DeWine says voters looked for competence and good managers when they picked governors this cycle

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Ohio’s Republican Gov. Mike DeWine attended different events heading into Election Day. (Salena Zito)

DeWine says voters looked for competence and good managers when they picked governors this cycle

This is the last installment of a four-part series looking at four candidates for governor — three Republican and one Democrat — who won their races handily, attracting broad coalitions with messages of governance over ideology that proved effective and serve as lessons to both parties.

COLUMBUS, Ohio — When Republican Gov. Mike DeWine easily defeated Democrat and former Dayton Mayor Nan Whaley in his reelection bid, it wasn’t the largest win in a governors race in the history of the Buckeye State. But it was pretty darn close. That’s quite the accomplishment for a candidate from any party who has could have been pegged a career politician and out of touch with the needs of the people and state; yet through good governing and deft management, the Springfield native was able to win by forming a broad coalition of voters to support him.

DeWine, who began his career as a prosecutor, had run for and won elected office in Ohio as a state senator, congressman, lieutenant governor, U.S. senator, and attorney general before he became governor in 2019. The only race he lost was in 2006, when Democrat Sherrod Brown challenged him for his U.S. Senate seat and defeated him in that year’s wave election cycle that thrust Democratic candidates into the majority in Washington.

DeWine said that this year’s reelection required him to stay focused on the things that voters really care about, but also those things they accomplished in his first term. “Just as an example, one of our ads was really focused on career tech, focused on the young people in high school, in our career tech programs in Ohio,” he said. “We also talked a lot about jobs coming to Ohio and people getting the training that they need for those jobs.”

DeWine ran in 2018 on a promise to invest in the people of Ohio. “In that call to invest, I said we’re not going to see the immediate results,” he said. “Yet through early childhood education, early childhood development, prenatal care, postnatal care, we will see a difference in our future.”

His wife Fran embraced the Dolly Parton Imagination Library, which went from zero to 350,000 books — free books that go out in the mail to children from birth to 5 years of age — every single month.

“We’ve also put a great deal of focus on our high schools that are focused on young people learning particular trades,” he said. “It’s not always welding. It’s not always culinary arts. A lot of times, it’s high-tech manufacturing. Our goal is for every Ohioan to be able to live up to their full potential, every Ohioan be able to live their version, whatever that is, of the American dream; to do that, we have to make sure that every Ohioan from early on has education that they need.”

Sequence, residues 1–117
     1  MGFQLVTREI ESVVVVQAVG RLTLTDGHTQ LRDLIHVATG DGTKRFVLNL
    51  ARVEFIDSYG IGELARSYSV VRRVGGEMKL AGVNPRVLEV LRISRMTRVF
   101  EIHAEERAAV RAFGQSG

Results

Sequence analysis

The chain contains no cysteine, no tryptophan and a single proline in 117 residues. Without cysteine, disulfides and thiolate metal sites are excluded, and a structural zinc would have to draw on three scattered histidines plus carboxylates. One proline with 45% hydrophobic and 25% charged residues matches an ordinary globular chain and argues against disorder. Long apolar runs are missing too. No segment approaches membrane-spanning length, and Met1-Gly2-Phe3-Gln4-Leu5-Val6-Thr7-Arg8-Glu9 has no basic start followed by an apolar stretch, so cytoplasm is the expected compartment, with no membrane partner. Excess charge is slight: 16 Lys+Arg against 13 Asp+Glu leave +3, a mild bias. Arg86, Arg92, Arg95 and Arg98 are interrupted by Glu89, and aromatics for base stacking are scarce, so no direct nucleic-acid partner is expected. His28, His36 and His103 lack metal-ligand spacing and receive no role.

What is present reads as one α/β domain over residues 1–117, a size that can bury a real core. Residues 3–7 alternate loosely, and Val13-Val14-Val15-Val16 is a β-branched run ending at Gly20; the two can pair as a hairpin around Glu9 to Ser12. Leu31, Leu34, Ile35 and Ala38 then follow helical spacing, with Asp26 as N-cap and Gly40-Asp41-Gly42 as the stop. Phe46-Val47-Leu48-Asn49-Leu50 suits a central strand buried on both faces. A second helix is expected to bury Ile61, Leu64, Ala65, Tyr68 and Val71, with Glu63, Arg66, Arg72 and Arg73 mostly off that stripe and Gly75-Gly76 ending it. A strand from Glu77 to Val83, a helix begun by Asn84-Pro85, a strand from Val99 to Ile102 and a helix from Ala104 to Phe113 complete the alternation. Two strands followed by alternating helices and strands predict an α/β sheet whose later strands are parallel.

DeWine said the three things in Ohio that hold people back from that success are education, addiction, and untreated mental health problems — areas his administration took on in his first four years in office.

“Look, 80% of our deaths last year were accidental overdose deaths,” he said. “At least 80% of those involve fentanyl, which is killing the vast majority of people; it’s so unbelievably potent, and the drug cartels are mixing it into virtually everything now.” Almost all of it is coming from China and across the southern border, DeWine said. “So, when people say, ‘Hey, you shouldn’t worry about the southern border. What does that have to do with Ohio?’ The answer is: what’s coming across our southern border by the drug cartels and coming up to Dayton, Ohio, or Springfield or Lima or Akron.”

Sixty-four governors of Ohio have served 70 terms. The longest was held by Jim Rhodes, who was elected four times and served in two nonconsecutive periods of two terms each from 1963 to 1971 and from 1975 to 1983.

In last month’s election, DeWine won all but three counties: Franklin (home to Columbus), Cuyahoga (home to Cleveland), and Athens County (home of Ohio University). He finds it astounding that, as a Republican candidate, he was able to win the Mahoning Valley counties of Mahoning, Trumbull, and Stark — traditionally the most Democratic counties in the state. But in fact, both he and U.S. Senate candidate J.D. Vance, a Middletown Republican, ran the numbers up in that working-class region.

“It is the biggest political change in Ohio,” said DeWine. “If you look at our numbers in Trumbull County, Mahoning County, just phenomenal numbers, and we carried both. It used to be when I ran statewide, I would do really well in polling in Mahoning Valley in July and August, but by the time we got to October, they had been reminded that Mike DeWine was actually a Republican, and then our numbers cratered and would get down around 40% if we were lucky.”

DeWine said of Vance, “I have a very good relationship with J.D. I got to know him shortly after Hillbilly Elegy was published. I read it, and I reached out to him; I think he’s going to be a strong voice for Ohio. I think he brings a lot to the table with his background.”

DeWine said he thinks people look to candidates for governor who have demonstrated they can fix problems. “They want people who can solve problems, attract economic development, and who are good managers,” he said. “What a governor deals with is really the most important thing in people’s lives; it is their kids, it is quality of life, that is what people look for in a governor, and I think you saw that with who people picked.”

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